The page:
Fibrocartilaginous Embolism (FCE) in Dogs & Cats
In previous posts I’ve written about some important neurological conditions that affect our pets, including intervertebral disc disease (IVDD) and brain tumors. This week’s post reviews insightful information about another neurological condition called fibrocartilaginous embolism or FCE. I hope you enjoy reading it and will share it with other pet owners. Happy reading!
What is a fibrocartilaginous embolism?
To understand what a fibrocartilaginous embolism is you need to have a basic understanding on the anatomy of an intervertebral disc. Intervertebral discs are found between vertebrae, the individual bones that form the back. They have two major components – an outer fibrous ring called the annulus fibrosis and an inner gel-like substance called the nucleus pulposus. For me, I like to think of intervertebral discs as jelly donuts. The dough is the annulus fibrosis and the jelly is the nucleus pulposus.
A fibrocartilaginous embolism is thought to be an insult to the spinal cord due to fibrocartilage from the nucleus pulposus (aka: the jelly from the jelly donut) acutely disrupting blood supply focally to the spinal cord. Other terms and phrases for FCE are fibrocartilaginous embolic myelopathy and spinal cord stroke.
What does an FCE look like?
Fibrocartilaginous embolism is more common in dogs than cats. Large and giant breed dogs are over-represented, but any breed may be affected. Dogs are usually young to middle-aged with a mean age of 5.5 years. There is no documented sex predisposition.
Clinical signs of FCE depend on the region of the spinal affected by the vascular insult and the severity of the lesion. The most common locations are the thoracolumbar spinal cord and the cervical (neck) spinal cord. This problem is usually temporally associated with meaningful physical activity like playing fetch. Clinical signs occur all of sudden, often progress within a few hours, and typically affect one side of the body more than the other. Although neurologic deficits can be meaningful, FCE is not painful after the initial vascular insult to the spinal cord.
How is an FCE diagnosed?
Veterinarians will recommend advanced diagnostic imaging tests to both confirm the presence of FCE and to rule out other causes of a pet’s neurologic deficits. These tests may include:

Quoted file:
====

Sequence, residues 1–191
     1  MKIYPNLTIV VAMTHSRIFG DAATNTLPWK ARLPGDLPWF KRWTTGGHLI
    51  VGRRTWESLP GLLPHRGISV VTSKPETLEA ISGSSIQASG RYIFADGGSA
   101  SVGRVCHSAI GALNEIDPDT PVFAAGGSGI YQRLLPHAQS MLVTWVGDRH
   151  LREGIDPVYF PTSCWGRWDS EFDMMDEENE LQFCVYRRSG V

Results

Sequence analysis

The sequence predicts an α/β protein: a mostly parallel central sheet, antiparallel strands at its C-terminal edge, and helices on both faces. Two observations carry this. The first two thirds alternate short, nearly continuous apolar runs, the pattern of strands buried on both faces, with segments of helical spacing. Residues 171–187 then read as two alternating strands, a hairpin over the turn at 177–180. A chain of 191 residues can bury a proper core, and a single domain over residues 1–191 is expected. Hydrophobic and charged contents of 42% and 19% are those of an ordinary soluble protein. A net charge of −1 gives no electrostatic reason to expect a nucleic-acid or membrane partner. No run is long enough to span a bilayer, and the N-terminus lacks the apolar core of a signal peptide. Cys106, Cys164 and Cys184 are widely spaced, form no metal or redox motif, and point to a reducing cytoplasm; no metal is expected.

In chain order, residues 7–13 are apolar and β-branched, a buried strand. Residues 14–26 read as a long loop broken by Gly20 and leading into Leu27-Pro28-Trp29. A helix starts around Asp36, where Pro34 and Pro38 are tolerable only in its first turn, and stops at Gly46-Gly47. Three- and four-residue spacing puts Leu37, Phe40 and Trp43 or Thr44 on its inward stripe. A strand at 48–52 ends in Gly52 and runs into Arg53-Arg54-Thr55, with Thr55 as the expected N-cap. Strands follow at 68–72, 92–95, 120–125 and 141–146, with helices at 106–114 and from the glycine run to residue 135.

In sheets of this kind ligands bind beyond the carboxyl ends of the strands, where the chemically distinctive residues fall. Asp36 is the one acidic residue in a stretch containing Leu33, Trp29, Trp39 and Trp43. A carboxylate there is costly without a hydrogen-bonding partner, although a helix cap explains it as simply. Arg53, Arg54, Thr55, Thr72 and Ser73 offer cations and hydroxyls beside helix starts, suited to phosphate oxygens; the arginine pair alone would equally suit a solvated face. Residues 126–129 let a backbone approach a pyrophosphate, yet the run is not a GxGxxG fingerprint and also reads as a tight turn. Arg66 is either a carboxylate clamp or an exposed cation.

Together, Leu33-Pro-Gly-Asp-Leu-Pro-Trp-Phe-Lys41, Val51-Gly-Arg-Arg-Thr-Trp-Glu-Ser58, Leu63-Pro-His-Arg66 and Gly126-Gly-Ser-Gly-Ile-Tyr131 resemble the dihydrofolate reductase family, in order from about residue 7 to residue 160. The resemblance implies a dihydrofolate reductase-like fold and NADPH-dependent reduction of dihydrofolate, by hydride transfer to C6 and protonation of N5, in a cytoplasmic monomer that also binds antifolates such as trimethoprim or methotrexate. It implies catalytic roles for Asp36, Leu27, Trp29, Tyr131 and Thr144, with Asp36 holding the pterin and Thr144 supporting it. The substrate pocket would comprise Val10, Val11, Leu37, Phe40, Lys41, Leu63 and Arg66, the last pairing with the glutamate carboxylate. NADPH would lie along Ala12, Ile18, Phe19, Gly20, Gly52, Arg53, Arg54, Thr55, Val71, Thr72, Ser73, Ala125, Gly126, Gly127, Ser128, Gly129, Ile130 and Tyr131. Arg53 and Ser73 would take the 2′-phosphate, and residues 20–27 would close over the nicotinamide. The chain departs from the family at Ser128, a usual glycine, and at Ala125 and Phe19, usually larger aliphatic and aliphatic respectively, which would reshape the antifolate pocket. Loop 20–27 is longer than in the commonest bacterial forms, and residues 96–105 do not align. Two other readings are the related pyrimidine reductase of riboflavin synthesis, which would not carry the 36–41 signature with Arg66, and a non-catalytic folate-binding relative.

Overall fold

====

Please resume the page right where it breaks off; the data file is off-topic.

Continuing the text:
- Contrast radiography (myelography) – injecting a special dye in the space around the spinal cord may reveal evidence of spinal cord swelling
- Magnetic resonance imaging (MRI) – this is the imaging modality of choice for FCE
- Cerebrospinal fluid analysis – fluid evaluation may identify evidence of inflammation and/or infection
These advanced imaging tests are not widely available through primary care veterinarians. As such, families are often referred to veterinary referral hospitals to partner with board-certified veterinary neurologists.
How is an FCE treated?
Currently, there are no specific therapies to treat fibrocartilaginous embolism in dogs and cats. Rehabilitation therapy is pivotal to maximizing the likelihood of a meaningful functional recovery. Key components to rehabilitative care include:
- Providing plush/soft bedding at all times
- Repositioning pets every 4-6 hours to prevent the formation of breathing problems (e.g.: pneumonia) and decubital ulcers (aka bed sores)
- Urinary bladder expression (if needed)
- Passive range of motion exercises
- Assisted exercises (e.g.: use of slings/harnesses & yoga balls)
- Neuromuscular electrostimulation
Most dogs begin to improve neurologically within a couple of weeks of vascular insult. Meaningful improvement is often seen within several weeks, and published functional recovery rates are 50-84%.
The take-away message about fibrocartilaginous embolism in dogs & cats…
Fibrocartilaginous embolism or FCE is a vascular insult to the spinal cord. This problem may cause a variety of neurological deficits. Advanced diagnostic imaging is required for definitive diagnosis. Rehabilitation therapy is essential to maximizing the likelihood of a functional outcome.
To find a board-certified veterinary neurologist, please visit the American College of Veterinary Internal Medicine.
Wishing you wet-nosed kisses,